Arquivos brasileiros de cardiologia 02/2014; DOI:10.5935/abc.20140034 · 1.02 Impact Factor
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    • "Resistant hypertension (RH) is defined when a patient taking three or more antihypertensive drugs, including a diuretic, at optimal tolerated doses, and still maintains BP values >140/90 mmHg [4] [5]. Prevalence of RH is not well established but some statistics reveal that it represents 13% of hypertensive patients [6]. Data from National Health and Nutrition Examination Survey among United States adults reveal the criteria for RH which were found in 8.9% of hypertensive patients [3]. "
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    ABSTRACT: Adequate blood pressure control represents an important goal for all physicians due to the complications of hypertension which reduce patients' quality of life. A new interventional strategy to reduce blood pressure has been developed for patients with resistant hypertension. Catheter-based renal denervation has demonstrated excellent results in recent investigations associated with few side effects. With the growing diffusion of this technique worldwide, some medical societies have published consensus statements to guide physicians how to best apply this procedure. Questions remain to be answered such as the long-term durability of renal denervation, the efficacy in patients with other sympathetically mediated diseases, and whether renal denervation would benefit patients with stage 1 hypertension.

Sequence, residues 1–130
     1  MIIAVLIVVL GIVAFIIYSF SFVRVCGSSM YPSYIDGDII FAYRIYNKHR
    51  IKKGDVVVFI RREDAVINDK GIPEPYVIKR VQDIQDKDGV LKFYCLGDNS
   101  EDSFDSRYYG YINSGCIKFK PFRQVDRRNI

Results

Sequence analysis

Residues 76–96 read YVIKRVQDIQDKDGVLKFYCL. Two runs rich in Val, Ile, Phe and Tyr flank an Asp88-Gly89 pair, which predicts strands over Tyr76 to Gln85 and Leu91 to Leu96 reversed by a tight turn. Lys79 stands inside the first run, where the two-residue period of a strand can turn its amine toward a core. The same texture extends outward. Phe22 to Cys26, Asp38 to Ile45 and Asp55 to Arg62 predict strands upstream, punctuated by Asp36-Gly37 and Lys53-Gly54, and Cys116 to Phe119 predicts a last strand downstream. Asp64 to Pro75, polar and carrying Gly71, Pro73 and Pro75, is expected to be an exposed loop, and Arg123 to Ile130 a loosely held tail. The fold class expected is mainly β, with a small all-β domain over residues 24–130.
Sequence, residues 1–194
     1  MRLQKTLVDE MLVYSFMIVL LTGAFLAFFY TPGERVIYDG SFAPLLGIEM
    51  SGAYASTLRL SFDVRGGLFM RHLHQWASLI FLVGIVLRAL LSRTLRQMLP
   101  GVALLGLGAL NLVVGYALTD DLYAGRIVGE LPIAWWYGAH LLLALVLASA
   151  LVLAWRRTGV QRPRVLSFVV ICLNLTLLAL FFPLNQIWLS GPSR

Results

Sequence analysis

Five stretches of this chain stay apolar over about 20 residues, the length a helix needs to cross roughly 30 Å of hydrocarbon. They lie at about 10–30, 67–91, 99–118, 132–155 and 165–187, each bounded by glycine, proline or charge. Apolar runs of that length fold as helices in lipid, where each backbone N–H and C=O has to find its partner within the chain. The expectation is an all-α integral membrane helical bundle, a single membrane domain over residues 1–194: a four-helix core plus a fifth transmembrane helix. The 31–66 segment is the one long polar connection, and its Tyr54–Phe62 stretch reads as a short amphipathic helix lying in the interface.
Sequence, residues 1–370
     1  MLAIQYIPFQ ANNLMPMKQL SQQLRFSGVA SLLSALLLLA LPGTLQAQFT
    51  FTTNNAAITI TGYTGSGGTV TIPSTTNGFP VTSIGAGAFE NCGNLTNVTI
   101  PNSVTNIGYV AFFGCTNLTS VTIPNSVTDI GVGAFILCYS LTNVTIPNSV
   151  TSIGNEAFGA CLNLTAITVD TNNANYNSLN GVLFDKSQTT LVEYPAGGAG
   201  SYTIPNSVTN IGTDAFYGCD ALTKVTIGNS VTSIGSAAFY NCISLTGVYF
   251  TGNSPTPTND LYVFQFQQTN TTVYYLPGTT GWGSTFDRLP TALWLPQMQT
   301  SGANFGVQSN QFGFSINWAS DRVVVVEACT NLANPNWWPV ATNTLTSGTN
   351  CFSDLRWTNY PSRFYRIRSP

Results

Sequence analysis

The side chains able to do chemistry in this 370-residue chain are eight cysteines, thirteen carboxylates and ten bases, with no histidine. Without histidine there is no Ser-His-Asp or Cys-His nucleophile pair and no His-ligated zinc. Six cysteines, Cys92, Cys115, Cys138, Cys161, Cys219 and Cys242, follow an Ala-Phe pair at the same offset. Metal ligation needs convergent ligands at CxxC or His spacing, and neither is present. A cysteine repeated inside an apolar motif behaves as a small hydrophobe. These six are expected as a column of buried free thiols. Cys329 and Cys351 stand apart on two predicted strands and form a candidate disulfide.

International Journal of Hypertension 11/2013; 2013:513214. DOI:10.1155/2013/513214
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    • "Among participants on antihypertensive medications, 28% were not in optimal control, and 12.8% were defined as resistant (blood pressure ≥140/90 mmHg despite ≥three antihypertensives) to medications.58 Prevalence of resistance however was reduced to 7.3%, if the requirement was for ≥four antihypertensive medications.59 Thus, prevalence was largely definition based. "
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    ABSTRACT: Research in resistant hypertension has again focused on autonomic nervous system denervation - 50 years after it had been stopped due to postural hypotension and availability of newer drugs. These (ganglionic blockers) drugs have all been similarly stopped, due to postural hypotension and yet newer antihypertensive agents. Recent demonstration of the feasibility of limited regional transcatheter sympathetic denervation has excited clinicians due to potential therapeutic implications. Standard use of ambulatory blood pressure recording equipment may alter our understanding of the diagnosis, potential treatment strategies, and health care outcomes - when faced with patients whose office blood pressure remains in the hypertensive range - while under treatment with three antihypertensive drugs at the highest tolerable doses, plus a diuretic. We review herein clinical relationships between autonomic function, resistant hypertension, current treatment strategies, and reflect upon the possibility of changes in our approach to resistant hypertension.
    International Journal of Nephrology and Renovascular Disease 08/2013; 6:149-160. DOI:10.2147/IJNRD.S40897